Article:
“They have actually cataloged everything they could in the KGE building in the hopes we . . . could repurpose those elements,” Ramsey said.
“This is really going to be a unique facility,” said Larry Weber of Builders Inc.
WICHITA — The Anytime Fitness at the Village at Greenwich at 21st and Greenwich has closed.
“We couldn’t hang in there anymore unfortunately,” says owner Lance McReynolds.
“We closed because we’re losing too much money.”
He opened in November 2007.
“The economy was bad right after we opened especially,” he says.
That wasn’t the main problem, McReynolds says.
“Wichita’s awful tough for small health clubs to begin with,” he says. “The YMCA’s just so powerful.”
He hoped to have more corporate memberships.
“That would have maybe pushed us through.”
McReynolds is reimbursing members who paid in advance.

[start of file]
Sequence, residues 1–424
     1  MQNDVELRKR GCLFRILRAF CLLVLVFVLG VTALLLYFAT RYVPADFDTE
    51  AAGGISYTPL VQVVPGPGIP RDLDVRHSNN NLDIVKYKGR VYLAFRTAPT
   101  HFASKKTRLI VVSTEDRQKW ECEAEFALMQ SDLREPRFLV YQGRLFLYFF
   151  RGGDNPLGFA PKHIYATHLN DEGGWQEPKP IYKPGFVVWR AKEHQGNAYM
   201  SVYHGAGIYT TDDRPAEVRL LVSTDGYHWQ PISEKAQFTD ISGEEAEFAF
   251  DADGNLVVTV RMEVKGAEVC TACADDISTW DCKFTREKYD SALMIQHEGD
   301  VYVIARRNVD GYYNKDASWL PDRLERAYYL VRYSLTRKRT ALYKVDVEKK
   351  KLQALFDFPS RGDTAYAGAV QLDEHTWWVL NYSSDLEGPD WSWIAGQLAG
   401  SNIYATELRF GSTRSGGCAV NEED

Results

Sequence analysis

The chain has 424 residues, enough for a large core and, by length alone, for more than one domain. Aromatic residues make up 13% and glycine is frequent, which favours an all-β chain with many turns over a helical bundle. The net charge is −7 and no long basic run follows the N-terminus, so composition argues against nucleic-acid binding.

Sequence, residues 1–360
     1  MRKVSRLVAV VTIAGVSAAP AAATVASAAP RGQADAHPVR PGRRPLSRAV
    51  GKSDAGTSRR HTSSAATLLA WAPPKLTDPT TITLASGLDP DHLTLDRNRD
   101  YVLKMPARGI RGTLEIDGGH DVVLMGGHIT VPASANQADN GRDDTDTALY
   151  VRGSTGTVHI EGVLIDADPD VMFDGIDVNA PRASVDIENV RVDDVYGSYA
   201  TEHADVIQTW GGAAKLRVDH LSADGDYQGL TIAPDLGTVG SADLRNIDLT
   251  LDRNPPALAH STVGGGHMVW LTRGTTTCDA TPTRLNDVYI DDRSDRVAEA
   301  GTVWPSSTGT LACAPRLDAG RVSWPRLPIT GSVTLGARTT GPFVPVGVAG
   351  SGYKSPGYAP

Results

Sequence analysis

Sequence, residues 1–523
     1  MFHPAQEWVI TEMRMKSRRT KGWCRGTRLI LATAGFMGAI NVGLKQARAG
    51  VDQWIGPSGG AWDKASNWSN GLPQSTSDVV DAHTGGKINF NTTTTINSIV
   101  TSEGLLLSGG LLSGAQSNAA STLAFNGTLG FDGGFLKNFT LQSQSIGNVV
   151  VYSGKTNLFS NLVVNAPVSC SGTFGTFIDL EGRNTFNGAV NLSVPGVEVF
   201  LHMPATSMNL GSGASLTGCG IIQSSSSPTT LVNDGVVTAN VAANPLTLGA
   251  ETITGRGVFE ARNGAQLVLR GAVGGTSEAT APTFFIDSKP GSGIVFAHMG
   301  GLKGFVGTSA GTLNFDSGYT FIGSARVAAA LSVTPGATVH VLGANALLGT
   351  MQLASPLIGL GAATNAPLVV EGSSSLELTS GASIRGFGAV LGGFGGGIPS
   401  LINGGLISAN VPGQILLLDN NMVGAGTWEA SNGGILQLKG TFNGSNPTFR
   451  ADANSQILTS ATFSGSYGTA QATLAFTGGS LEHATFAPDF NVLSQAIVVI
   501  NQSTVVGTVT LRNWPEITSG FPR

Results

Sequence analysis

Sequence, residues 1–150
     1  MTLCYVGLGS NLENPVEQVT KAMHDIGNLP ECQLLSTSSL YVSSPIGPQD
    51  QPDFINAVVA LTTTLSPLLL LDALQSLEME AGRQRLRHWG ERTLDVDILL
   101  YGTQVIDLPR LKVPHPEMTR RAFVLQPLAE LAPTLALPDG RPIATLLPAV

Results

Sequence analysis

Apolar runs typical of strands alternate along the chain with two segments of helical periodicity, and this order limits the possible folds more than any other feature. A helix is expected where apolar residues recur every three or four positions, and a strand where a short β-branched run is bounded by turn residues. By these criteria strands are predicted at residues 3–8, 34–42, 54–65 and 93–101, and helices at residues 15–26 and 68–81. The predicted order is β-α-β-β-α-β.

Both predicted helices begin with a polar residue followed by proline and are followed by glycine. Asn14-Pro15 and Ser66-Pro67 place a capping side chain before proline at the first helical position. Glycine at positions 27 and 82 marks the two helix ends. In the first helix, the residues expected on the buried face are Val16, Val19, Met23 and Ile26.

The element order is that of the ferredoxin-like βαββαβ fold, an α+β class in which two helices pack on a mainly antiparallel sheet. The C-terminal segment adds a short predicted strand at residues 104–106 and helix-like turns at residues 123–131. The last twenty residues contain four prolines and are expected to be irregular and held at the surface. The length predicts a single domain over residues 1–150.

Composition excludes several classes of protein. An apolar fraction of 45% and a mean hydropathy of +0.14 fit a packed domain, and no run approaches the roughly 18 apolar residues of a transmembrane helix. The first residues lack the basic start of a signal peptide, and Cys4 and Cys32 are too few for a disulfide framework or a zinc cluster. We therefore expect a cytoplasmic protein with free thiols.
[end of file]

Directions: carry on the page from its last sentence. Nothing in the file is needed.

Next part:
“I think we’ve got everybody covered.”
McReynolds has another Anytime Fitness in St. Joseph, Mo., that he says does very well. He says that’s what enabled him to keep his Wichita club open as long as he did.
“It’s really depressing,” McReynolds says. “It was a really nice club.”
WICHITA — In today’s economy, it’s a gamble to build a speculative shopping center and hope to find tenants for it, but it’s a move that’s paying off for Paul Jackson.
The Vantage Point Properties developer has Andover MarketPlace, a 140-acre development on the southeast corner of Kellogg and Andover Road in Andover.
In May, Jackson began building the Shops at MarketPlace, a 14,000-square-foot center next to Dillons Marketplace.
He now has four tenants to announce:
– Scooter’s Coffeehouse, which will have 1,400 square feet and a drive-through on the north end of the center.
– H&R Block, which will have 1,400 square feet.
– Martinizing Dry Cleaning, which will have 1,400 square feet.
– Spa Pedicure, which will have 1,200 square feet.
“We have a nice amount of interest in the remaining space,” Jackson says. “We feel like it’s been a good decision to build that.”